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The Elgar Companion to the Chicago School of Economics

Edited by Ross B. Emmett, Professor of Political Economy and Political Theory and Constitutional Democracy, and Co-Director, Michigan Center for Innovation and Economic Prosperity, James Madison College, Michigan State University, US
Many know the Chicago School of Economics and its association with Milton Friedman, George Stigler, Ronald Coase and Gary Becker. But few know the School’s history and the full scope of its scholarship. In this Companion, leading scholars examine its history and key figures, as well as provide surveys of the School’s contributions to central aspects of economics, including: price theory, monetary theory, labor and economic history. The volume examines the School’s traditions of applied welfare theory and law and economics while providing a glimpse into emerging research on Chicago’s role in the development of neoliberalism.
Extent: 360 pp
Hardback Price: $220.00 Web: $198.00
Publication Date: 2010
ISBN: 978 1 84064 874 4
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Paperback Price: $67.00 Web: $53.60
Publication Date: 2012
ISBN: 978 1 84980 867 5
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  • Economics and Finance
  • Economic History
  • History of Economic Thought
  • Methodology of Economics
Many know the Chicago School of Economics and its association with Milton Friedman, George Stigler, Ronald Coase and Gary Becker. But few know the School’s history and the full scope of its scholarship. In this Companion, leading scholars examine its history and key figures, as well as provide surveys of the School’s contributions to central aspects of economics, including: price theory, monetary theory, labor and economic history. The volume examines the School’s traditions of applied welfare theory and law and economics while providing a glimpse into emerging research on Chicago’s role in the development of neoliberalism.

A companion in the true sense of the word, this volume surveys a wide body of Chicago economic studies and guides readers carefully through each. The Companion offers biographies of leading Chicago economists and evaluations of the School’s connection to approaches to economics that draw from and complement the School, including the Virginia School and the work of Armen Alchian and Edward Lazear. Moreover, this book is a first in many respects as it analyzes the interconnections of the Chicago School’s theory, methodology, and policy, and considers by what means and ideas the School’s policy framework is driven.

The breadth and depth of the insights presented here will appeal especially to students and scholars of economics and historians interested in economics, social science and applied public policy.
‘The attraction of the project shows in the number of eminent authors who contributed, and who in part came from very different backgrounds. . . recommended.’
– Betrand Schefold, Jahrbucher für Nationalokonomie und Statistik
Contributors: O. Ashenfelter, H.S. Banzhaf, W.J. Barber, D.K. Benjamin, J.E. Biddle, G.L. Brady, G.G. Cain, R.B. Emmett, E. Forget, M. Gunderson, J.D. Hammond, D.W. Hands, S.D. Kasper, B.E. Kaufman, D. Laidler, H. Li, S.G. Medema, P. Mirowski, D. Mitch, E. Nik-Khah, J. Pencavel, H. Rockoff, M. Rutherford, E. Schliesser, P.N. Teixeira, R. Van Horn, S.T. Ziliak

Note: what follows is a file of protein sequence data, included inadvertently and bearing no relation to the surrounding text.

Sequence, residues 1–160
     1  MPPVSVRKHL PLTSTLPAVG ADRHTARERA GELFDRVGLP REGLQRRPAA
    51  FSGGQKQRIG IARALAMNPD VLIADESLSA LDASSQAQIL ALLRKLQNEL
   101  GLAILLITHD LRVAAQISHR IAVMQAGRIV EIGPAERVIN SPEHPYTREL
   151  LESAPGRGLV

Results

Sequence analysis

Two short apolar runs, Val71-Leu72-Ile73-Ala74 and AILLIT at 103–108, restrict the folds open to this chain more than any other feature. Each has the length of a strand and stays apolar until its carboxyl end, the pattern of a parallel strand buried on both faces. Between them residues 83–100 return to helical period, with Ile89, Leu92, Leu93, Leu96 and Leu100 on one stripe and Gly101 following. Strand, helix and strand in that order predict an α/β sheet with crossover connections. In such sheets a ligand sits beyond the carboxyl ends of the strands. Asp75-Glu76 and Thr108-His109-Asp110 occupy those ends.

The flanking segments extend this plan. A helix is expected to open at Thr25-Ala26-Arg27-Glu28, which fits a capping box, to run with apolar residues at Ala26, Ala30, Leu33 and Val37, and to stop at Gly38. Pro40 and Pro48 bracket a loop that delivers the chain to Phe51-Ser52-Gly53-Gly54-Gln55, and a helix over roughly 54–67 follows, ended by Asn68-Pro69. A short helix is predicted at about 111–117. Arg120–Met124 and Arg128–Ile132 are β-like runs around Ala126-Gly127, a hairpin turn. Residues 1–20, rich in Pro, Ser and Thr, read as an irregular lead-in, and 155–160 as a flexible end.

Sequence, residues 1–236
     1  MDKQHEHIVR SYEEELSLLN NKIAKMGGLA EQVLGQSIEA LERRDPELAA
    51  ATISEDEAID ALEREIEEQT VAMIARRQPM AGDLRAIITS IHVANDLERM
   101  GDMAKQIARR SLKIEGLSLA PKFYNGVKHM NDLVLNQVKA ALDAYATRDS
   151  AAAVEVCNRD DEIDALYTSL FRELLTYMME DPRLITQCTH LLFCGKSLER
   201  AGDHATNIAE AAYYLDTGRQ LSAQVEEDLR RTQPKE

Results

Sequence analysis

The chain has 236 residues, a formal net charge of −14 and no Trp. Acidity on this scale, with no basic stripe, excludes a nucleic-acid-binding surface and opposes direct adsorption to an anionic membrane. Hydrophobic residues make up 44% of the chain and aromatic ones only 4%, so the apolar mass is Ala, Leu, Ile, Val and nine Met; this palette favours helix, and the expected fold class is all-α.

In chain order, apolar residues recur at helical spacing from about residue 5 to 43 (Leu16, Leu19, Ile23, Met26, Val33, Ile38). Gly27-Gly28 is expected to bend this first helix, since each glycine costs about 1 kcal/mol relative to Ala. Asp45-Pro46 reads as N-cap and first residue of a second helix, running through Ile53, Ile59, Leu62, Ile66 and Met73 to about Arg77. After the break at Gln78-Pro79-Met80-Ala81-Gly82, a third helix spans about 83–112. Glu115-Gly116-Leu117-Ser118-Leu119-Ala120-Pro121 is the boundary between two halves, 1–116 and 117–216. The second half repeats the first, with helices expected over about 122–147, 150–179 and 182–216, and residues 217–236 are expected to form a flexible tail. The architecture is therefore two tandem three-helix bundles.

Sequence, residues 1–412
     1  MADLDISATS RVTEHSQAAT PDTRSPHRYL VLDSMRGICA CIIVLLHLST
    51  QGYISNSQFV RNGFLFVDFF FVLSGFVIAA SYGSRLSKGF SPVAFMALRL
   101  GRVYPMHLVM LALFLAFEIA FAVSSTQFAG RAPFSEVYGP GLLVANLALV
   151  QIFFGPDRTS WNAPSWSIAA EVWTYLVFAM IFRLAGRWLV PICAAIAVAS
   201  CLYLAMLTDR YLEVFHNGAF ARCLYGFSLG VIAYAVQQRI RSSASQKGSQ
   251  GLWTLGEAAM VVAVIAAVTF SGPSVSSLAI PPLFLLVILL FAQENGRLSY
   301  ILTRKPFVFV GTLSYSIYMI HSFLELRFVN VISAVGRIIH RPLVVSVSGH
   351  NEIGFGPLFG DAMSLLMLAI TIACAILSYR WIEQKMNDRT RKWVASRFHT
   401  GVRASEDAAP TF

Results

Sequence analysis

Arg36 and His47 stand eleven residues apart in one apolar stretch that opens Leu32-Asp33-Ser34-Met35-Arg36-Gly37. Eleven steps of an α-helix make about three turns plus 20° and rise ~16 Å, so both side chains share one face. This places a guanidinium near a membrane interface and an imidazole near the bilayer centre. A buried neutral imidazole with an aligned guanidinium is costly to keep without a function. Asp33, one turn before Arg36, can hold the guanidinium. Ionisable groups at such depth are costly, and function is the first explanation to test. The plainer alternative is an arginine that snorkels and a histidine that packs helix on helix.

Contents:

Preface

Introduction
Ross B. Emmett

PART I: ESSAYS ON THE CHICAGO SCHOOL
1. The Development of Post-war Chicago Price Theory
J. Daniel Hammond

2. Chicago Economics and Institutionalism
Malcolm Rutherford

3. Adam Smith and the Chicago School
Steven G. Medema

4. The Economic Organization, by Frank H. Knight: A Reader’s Guide
Ross B. Emmett

5. The Chicago School of Welfare Economics
H. Spencer Banzhaf

6. Chicago Monetary Traditions
David Laidler

7. On the Origins of A Monetary History
Hugh Rockoff

8. Chicago and Economic History
David Mitch

9. Chicago and the Development of Twentieth-Century Labor Economics
Bruce E. Kaufman

10. Human Capital, by Gary S. Becker: A Reading Guide
Pedro Nuno Teixeira

11. Chicago Law and Economics
Steven G. Medema

12. Friedman, Positive Economics, and the Chicago Boys
Eric Schliesser

13. Neoliberalism and Chicago
Robert Van Horn and Philip Mirowski

14. Armen Alchian on Evolution, Information, and Cost: The Surprising Implications of Scarcity
Daniel K. Benjamin

15. The Chicago Roots of the Virginia School
Gordon L. Brady

PART II: SOME CHICAGO ECONOMISTS
1. Gary S. Becker
Pedro Nuno Teixeira

2. Ronald Harry Coase
Steven G. Medema

3. Aaron Director
Robert Van Horn

4. Paul H. Douglas
Glen G. Cain

5. Berthold Frank Hoselitz
David Mitch

6. Frank H. Knight
Ross B. Emmett

7. J. Laurence Laughlin
William J. Barber

8. Edward P. Lazear
Morley Gunderson

9. H. Gregg Lewis
Jeff E. Biddle

10. Deirdre N. McCloskey
Stephen T. Ziliak

11. Richard A. Posner
Steven G. Medema

12. Albert Rees
Orley Ashenfelter and John Pencavel

13. Margaret Gilpen Reid
Evelyn Forget

14. Sherwin Rosen
Hao Li

15. Henry Schultz
D. Wade Hands

16. Theodore William Schultz
Pedro Nuno Teixeira

17. Henry Calvert Simons
Sherryl D. Kasper

18. George J. Stigler
Edward Nik-Khah

19. Jacob Viner
William J. Barber

Index